That’s because it was obvious from the outset lots of tunnels would be necessary. However, self-serving politicians wanted a bargain basement price that could be used to set the gravy train in motion.

    3. Roland6 Silver badge

      Re: England's planning system is a mess

      “ Better to make it much harder to block projects”

      [https://www.economist.com/britain/2023/10/26/britain-must-overhaul-the-way-it-approves-infrastructure ]

      Clearly the articles author has never tried to object to a planning application, as if they had they would know the UK operates a permissive planning system which is already weighted in favour of the planning applicant.

      The real problem the UK has with infrastructure is politicians procrastinating and thus only giving permission for a project to go ahead at the last minute. The catch is that only once the project has received government go ahead is the planning application made, hence because they wanted to start it yesterday but cannot because the plans need to be improved, they complain about the planning system, when the supposed delay due to the planning system is whollly down to them. We will see this being played out in the coming years as government finally realises it needs to bring on line a new nuclear power station every year for a decade, starting last year.

  8. Howard Sway Silver badge

    need for 1,730 MW of additional data centre capacity within the SAZ (Slough Availability Zone)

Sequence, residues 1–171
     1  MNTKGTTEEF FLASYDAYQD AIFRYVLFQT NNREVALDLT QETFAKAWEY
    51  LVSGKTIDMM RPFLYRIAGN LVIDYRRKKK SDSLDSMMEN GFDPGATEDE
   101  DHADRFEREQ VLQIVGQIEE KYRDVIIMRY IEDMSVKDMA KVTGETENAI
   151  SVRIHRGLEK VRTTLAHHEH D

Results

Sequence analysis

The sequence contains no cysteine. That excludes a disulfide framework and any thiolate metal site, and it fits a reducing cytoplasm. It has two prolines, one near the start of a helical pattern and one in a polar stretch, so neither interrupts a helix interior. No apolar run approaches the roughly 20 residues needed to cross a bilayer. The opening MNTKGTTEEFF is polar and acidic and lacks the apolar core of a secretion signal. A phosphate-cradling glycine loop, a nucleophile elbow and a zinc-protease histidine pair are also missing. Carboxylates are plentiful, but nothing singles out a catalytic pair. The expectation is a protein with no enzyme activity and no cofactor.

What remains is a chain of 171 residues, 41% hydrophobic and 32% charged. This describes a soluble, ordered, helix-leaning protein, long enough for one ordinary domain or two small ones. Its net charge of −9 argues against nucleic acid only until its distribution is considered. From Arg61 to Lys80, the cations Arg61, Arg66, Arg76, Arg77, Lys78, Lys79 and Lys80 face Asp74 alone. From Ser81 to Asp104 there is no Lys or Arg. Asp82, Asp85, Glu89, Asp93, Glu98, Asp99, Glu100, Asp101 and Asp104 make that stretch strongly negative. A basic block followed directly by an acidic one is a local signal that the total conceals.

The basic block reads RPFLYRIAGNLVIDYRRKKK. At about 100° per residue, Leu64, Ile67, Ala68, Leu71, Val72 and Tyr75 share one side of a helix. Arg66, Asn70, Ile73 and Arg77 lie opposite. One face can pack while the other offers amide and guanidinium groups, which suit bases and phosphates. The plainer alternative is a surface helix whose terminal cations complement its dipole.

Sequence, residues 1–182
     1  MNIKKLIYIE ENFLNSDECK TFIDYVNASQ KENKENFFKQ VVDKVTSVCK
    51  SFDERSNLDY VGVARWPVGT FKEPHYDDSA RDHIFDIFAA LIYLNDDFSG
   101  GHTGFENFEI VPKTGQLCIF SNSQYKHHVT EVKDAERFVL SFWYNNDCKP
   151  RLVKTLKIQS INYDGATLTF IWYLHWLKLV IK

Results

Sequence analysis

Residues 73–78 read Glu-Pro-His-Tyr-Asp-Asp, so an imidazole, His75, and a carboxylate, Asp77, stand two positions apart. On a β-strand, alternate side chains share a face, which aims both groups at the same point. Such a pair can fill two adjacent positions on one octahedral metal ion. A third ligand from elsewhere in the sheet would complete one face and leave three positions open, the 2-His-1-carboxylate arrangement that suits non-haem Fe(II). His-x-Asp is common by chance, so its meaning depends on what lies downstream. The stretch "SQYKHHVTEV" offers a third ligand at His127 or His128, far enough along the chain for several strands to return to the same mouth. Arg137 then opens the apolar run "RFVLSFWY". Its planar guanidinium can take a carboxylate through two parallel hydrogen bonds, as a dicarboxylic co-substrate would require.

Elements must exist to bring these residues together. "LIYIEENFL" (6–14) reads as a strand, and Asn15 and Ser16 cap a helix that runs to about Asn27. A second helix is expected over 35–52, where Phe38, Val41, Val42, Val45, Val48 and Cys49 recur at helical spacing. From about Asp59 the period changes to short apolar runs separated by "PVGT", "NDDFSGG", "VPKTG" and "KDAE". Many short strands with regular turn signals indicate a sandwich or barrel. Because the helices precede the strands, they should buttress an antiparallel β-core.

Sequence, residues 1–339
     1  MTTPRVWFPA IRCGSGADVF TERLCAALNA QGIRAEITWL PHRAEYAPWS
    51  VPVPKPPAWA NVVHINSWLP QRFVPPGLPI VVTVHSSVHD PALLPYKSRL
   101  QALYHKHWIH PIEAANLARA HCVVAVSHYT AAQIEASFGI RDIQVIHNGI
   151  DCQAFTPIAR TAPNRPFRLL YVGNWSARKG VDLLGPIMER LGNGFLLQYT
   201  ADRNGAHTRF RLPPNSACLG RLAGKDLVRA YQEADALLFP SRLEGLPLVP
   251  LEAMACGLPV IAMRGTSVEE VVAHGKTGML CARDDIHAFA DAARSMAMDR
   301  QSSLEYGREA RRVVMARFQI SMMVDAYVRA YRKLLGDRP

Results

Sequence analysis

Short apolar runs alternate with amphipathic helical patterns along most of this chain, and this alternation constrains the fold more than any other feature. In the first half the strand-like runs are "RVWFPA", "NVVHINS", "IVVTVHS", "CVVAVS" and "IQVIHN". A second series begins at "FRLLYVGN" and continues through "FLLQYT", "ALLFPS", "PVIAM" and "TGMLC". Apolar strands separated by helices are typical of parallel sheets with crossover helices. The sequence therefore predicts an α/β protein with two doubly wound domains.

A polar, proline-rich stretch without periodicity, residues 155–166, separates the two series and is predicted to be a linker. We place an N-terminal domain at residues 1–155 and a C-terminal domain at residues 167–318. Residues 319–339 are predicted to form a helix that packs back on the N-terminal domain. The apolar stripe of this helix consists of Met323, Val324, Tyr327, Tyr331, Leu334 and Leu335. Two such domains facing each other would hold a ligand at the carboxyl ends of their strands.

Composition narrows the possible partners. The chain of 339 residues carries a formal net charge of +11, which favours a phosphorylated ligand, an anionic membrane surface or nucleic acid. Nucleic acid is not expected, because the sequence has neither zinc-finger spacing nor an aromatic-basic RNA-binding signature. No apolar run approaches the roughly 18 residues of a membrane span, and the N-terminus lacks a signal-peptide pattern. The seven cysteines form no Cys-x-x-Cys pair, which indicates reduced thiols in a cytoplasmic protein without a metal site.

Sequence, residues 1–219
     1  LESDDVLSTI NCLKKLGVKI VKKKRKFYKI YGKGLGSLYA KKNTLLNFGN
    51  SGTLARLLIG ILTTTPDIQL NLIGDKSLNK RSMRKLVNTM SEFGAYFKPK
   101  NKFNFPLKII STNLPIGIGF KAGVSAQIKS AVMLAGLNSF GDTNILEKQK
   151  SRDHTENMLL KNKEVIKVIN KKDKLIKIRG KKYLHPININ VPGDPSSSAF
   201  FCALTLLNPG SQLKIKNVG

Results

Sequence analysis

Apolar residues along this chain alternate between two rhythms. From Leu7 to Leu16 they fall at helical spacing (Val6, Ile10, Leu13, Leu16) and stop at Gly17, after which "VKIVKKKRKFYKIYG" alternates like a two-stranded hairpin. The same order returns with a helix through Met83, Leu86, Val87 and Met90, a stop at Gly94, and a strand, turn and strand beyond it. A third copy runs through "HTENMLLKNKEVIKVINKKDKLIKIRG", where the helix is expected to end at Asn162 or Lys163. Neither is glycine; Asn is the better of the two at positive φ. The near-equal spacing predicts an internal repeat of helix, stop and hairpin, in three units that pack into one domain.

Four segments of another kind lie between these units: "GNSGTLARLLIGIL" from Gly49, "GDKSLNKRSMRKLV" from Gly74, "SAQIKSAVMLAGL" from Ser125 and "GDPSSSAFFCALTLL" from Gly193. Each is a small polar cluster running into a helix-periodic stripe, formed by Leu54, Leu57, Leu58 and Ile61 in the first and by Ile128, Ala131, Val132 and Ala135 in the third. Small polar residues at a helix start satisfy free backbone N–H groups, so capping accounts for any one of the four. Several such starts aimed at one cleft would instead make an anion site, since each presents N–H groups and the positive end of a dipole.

Another fine example of jargon obsessed fools who have to obsessively create acronyms for everything, then explain what they mean whenever they use them, because anybody outside their tiny group is going to be completely unaware that there is such a thing as the "Slough Availability Zone".

    1. Yet Another Anonymous coward Silver badge

      Re: need for 1,730 MW of additional data centre capacity within the SAZ (Slough Availability Zone)

      Friend of a friend was responsible for promoting IMK (International Milton Keynes) as a Global City on a world stage - from a spare room in Buckinghamshire

      1. Anonymous Coward
        Anonymous Coward

        Re: need for 1,730 MW of additional data centre capacity within the SAZ (Slough Availability Zone)

        Don't knock it, MK is a great place to live and work. But I'll take your implied point that it's only slightly more international than Cinderford.

        1. Yet Another Anonymous coward Silver badge

          Re: need for 1,730 MW of additional data centre capacity within the SAZ (Slough Availability Zone)

          But to think that adding an I was suddenly going to make it LA or SF speaks of a PR muppet doing too much 'invigorating morning powder'

    2. Anonymous Coward
      Anonymous Coward

      Slough Availability Zone

      That's the first four days of a period, right?

  9. tmTM

    They are not wrong

    A datacentre is very different to a landfill site, it does change the characteristic of the area.

    Plus green belt. You just can't build on green belt, it's extremely difficult to get permission.

  10. Lee D Silver badge

    If it was last used as a landfill in 1987, chances are its nothing like a landfill now. There are lots of former landfills that are now parks, green hills, and actually quite pretty.

    I mean, it could look like Beckton Ski Slope (anyone?) but it could also just look like a hill now.